Later on in the novel, Mary Whitney experiences herself the fate of women, who become sexually engaged with a man before marriage and are left alone in the state of pregnancy. Not only would she lose her engagement at Mrs. Alderman Parkinson, further “no decent man would marry her, and she would have to go on the streets, and become a sailor’s drab, as she would have no other way of feeding herself and the baby” (201). The two options open to Mary Whitney in the novel to prevent herself from the loss of her reputation are suicide or a secret abortion (c.f. 202), with the latter leading to death in her case as well.
The blatant discrepancy between the ideal of the sexually cold woman and the reality of female lust is most strongly exemplified by Margaret Atwood with Dr. Jordan’s landlady Mrs. Humphrey. In the course of the novel, Mrs. Humphrey in many instances assertively tries to entangle Dr. Jordan into a sexual affair with her. However, being denied an active sexual desire, she hides her pursuit under a number of psychosomatic symptoms and explains her entering of Dr. Jordan’s bedroom with suffering from sleepwalking. Dr. Jordan states that he does not believe her story for an instant, “but for a refined woman of her class he supposes it’s a way of saving face.” (437)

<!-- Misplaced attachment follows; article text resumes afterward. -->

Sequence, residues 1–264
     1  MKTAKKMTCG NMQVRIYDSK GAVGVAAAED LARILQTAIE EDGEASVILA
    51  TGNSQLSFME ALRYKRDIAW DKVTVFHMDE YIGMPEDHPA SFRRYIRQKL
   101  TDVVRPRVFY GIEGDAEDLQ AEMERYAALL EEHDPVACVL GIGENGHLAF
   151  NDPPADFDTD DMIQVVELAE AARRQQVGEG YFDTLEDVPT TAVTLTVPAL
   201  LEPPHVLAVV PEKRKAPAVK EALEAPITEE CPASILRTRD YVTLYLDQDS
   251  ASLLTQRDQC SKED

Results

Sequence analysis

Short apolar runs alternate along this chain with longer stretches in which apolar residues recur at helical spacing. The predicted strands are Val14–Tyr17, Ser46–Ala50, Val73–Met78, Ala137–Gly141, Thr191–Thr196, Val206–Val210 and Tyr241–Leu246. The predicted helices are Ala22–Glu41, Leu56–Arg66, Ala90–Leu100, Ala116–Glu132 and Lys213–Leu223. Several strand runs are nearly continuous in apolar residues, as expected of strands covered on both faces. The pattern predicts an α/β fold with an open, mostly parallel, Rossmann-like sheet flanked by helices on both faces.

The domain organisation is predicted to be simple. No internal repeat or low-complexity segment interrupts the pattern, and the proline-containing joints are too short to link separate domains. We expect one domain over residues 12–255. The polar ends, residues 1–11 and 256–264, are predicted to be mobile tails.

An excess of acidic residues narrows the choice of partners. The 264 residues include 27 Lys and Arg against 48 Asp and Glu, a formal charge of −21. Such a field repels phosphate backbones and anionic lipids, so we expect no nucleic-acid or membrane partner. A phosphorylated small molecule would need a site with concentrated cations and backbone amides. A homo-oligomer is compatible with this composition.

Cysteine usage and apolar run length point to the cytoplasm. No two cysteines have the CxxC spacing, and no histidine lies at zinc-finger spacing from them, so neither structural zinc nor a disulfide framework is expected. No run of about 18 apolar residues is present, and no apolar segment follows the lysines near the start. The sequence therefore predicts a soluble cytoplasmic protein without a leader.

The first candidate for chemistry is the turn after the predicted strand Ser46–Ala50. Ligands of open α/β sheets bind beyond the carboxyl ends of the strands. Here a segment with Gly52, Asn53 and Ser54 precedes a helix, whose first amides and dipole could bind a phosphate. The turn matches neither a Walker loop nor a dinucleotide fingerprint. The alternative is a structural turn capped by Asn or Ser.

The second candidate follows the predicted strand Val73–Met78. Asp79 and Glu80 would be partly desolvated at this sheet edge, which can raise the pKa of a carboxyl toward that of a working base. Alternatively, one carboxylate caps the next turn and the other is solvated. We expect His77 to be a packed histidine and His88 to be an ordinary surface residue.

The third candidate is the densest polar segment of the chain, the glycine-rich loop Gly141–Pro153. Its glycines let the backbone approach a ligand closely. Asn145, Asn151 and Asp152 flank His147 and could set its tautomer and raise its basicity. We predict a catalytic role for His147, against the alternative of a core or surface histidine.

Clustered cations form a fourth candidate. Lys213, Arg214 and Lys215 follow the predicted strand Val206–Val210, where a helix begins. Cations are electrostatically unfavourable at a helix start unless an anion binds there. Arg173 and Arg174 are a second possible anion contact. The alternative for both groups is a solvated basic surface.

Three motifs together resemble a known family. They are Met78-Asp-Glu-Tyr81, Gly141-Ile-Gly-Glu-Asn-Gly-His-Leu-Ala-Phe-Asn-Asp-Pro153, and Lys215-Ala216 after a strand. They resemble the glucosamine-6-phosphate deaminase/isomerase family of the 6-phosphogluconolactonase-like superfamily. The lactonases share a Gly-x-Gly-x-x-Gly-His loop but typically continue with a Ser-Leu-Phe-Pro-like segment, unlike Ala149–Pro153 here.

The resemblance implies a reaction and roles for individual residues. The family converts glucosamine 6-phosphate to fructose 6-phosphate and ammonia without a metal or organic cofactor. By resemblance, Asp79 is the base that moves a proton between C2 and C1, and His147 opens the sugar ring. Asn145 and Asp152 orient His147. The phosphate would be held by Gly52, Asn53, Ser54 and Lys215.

Dr. Simon Jordan, therefore, in the novel is under no illusion as to the innate refinement of women being an unrealistic ideal rather than a natural state. However, having been confronted with a vast number of women deviating from this ideal, he is nevertheless positive about its promotion: “[…] but all the more reason to safeguard the purity of those still pure. In such a cause, hypocrisy is surely justified: one must present what ought to be true as if it really is.”(100)
Therefore, being presented with an ideal, that was promoted by 19th century literature and magazine culture, but that was not in correlation with reality, many women of the time felt that they could not live up to this ideal. Instead, in order to integrate socially acceptable behavior with their own contradictory feelings and in order to shield their contemporaries from their own disturbing inner emotions, role playing became the general way of life for women of the Victorian period.16 In the novel, this role playing is most clearly exemplified by Mary Whitney. As Grace Marks reports: